It was a dark and stormy night. The one-armed camp counselor pounced from behind the gravestone, removed his blood-soaked mask, and uttered the two most horrifying words known to humankind.
OK, we’re being a tad dramatic, but there is a definitive correlation between queer identity and scary stories. The LGBTQ+ community enjoys a monstrous metaphor; we are marginalized from the mainstream yet exalted as the beautiful creatures we are.
Gays thrive at night and cavort in taboo spaces. Our gothic plight is depicted in such overt homoerotic films as The Covenant and The Hunger, but the queer experience runs much deeper than those flashy, fleshy titles. True horror courses through the subtleties of classic movies and underrated gems, so we have highlighted a few essential options below that you must revisit this Halloween season.
The Haunting (1963) plumbs the depths of alienation through the lens of a haunted house tale. Our heroine, Nell, shares a Sapphic connection with her fellow ghost chaser, Theodora, but unrequited lust soon turns to unabashed terror. The creaky mansion begins to consume its inhabitants. Be sure to crank up the sound and hold your significant other significantly close for comfort.
On the topic of villainous abodes, check into the Overlook Hotel for a repeat viewing of The Shining. Wait, you don’t consider this a gay movie? But, it’s about a special boy trying to survive his abusive heteronormative upbringing. And what’s with that bear and businessman performing fellatio on one another?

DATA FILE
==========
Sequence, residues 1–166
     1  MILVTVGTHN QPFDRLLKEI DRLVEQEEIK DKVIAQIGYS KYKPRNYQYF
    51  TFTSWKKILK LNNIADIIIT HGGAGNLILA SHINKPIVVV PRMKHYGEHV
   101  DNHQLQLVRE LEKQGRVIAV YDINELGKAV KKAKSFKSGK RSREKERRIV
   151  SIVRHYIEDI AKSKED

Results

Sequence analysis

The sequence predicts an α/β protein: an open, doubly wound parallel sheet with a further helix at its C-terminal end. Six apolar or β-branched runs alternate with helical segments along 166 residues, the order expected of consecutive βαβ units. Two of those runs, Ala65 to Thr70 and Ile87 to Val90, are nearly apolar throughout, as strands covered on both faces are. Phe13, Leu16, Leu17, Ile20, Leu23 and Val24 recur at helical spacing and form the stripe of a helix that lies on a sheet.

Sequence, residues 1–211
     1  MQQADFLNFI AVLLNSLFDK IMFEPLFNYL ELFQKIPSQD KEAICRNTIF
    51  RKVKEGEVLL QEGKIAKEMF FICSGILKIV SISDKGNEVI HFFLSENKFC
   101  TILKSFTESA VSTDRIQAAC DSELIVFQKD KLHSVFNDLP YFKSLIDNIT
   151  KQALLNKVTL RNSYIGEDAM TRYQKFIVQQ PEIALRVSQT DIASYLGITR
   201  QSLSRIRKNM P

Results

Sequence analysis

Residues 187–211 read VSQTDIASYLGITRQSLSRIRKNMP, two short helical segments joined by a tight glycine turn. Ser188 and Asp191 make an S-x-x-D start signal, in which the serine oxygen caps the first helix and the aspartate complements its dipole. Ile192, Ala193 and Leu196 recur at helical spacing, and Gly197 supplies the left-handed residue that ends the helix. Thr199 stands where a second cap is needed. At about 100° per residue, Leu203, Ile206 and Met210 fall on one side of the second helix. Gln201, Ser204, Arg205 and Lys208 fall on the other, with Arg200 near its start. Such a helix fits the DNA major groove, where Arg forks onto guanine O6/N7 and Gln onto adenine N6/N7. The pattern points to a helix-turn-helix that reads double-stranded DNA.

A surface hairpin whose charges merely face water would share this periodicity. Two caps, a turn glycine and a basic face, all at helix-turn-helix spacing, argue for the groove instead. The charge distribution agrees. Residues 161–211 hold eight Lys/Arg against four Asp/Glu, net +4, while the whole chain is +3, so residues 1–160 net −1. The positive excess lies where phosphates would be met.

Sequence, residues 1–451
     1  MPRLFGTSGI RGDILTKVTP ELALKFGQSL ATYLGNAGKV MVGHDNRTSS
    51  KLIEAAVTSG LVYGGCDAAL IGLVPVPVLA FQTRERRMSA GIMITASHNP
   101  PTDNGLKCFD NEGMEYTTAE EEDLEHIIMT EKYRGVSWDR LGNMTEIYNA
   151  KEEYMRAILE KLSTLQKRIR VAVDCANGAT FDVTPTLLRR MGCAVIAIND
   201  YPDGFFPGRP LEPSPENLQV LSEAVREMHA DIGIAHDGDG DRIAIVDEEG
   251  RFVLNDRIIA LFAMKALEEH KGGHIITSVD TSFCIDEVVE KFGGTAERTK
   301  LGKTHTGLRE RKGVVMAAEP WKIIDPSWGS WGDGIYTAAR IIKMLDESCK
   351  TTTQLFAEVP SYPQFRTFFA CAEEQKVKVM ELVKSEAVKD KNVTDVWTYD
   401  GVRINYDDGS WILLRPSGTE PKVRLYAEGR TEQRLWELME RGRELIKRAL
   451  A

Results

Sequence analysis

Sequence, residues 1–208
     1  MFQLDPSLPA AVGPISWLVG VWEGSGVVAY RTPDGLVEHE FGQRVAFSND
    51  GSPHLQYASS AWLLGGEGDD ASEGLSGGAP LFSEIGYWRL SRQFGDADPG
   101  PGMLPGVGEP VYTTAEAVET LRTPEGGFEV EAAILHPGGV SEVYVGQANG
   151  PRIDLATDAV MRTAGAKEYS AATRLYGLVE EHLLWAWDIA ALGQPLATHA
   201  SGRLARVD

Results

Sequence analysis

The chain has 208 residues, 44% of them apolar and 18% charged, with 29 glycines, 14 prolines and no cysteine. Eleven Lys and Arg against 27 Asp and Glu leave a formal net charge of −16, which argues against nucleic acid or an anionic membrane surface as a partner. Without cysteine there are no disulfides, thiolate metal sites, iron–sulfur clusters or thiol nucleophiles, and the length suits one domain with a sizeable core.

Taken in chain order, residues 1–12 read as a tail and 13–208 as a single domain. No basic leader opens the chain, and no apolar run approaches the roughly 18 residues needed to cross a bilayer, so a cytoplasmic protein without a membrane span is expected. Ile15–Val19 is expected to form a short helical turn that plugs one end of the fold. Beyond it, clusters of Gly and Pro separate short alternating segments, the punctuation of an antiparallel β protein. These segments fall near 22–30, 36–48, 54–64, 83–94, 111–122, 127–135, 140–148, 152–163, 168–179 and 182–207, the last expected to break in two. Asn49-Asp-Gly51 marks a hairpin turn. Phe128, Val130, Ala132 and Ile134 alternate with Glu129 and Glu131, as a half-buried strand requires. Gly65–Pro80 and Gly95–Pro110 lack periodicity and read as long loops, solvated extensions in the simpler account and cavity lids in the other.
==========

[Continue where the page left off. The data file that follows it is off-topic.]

Paperhouse explores similar thematic territory, depicting two sickly British youths enduring their respective maladies with only the power of their imagination to protect them from the growling menace of their captors/guardians.
Adolescence can be brutal, but it takes on a positively S&M flair in Nightmare on Elm Street 2. In perhaps the gayest sequence of any big budget 80s franchise film, Jesse dreams about his male gym teacher, lashes him to a shower spigot and subsequently tears him apart. Our conflicted teen awakens to the possibility that he might just be a monster, but he can’t control his urges… does he even want to?
Let’s remain in this decadent decade for a moment and review the best vampire flick of its era. Near Dark ponders what it’s like to be trapped in a brood of bloodsuckers as they terrorize the Texas countryside, urging you to kill to survive. Most delicious scene: when Bill Paxton feasts on a hairy trucker and complains, “I hate ‘em when they ain’t been shaved.”
But perhaps the most apt horror parable about queer existence is Invasion of the Body Snatchers (1978). Pod people look and act just like regular humans, but they eventually snarl and swarm until they convert everyone into mindless drones.
The moral of the story: the antagonist is you. You are your own worst enemy, but you don’t need to succumb to social norms. Straight culture wants to absorb us, but we are glorious, gregarious gargoyles. We are gay, and we will not go away. Boo! Happy Halloween month, my pretties.
Last modified: October 5, 2021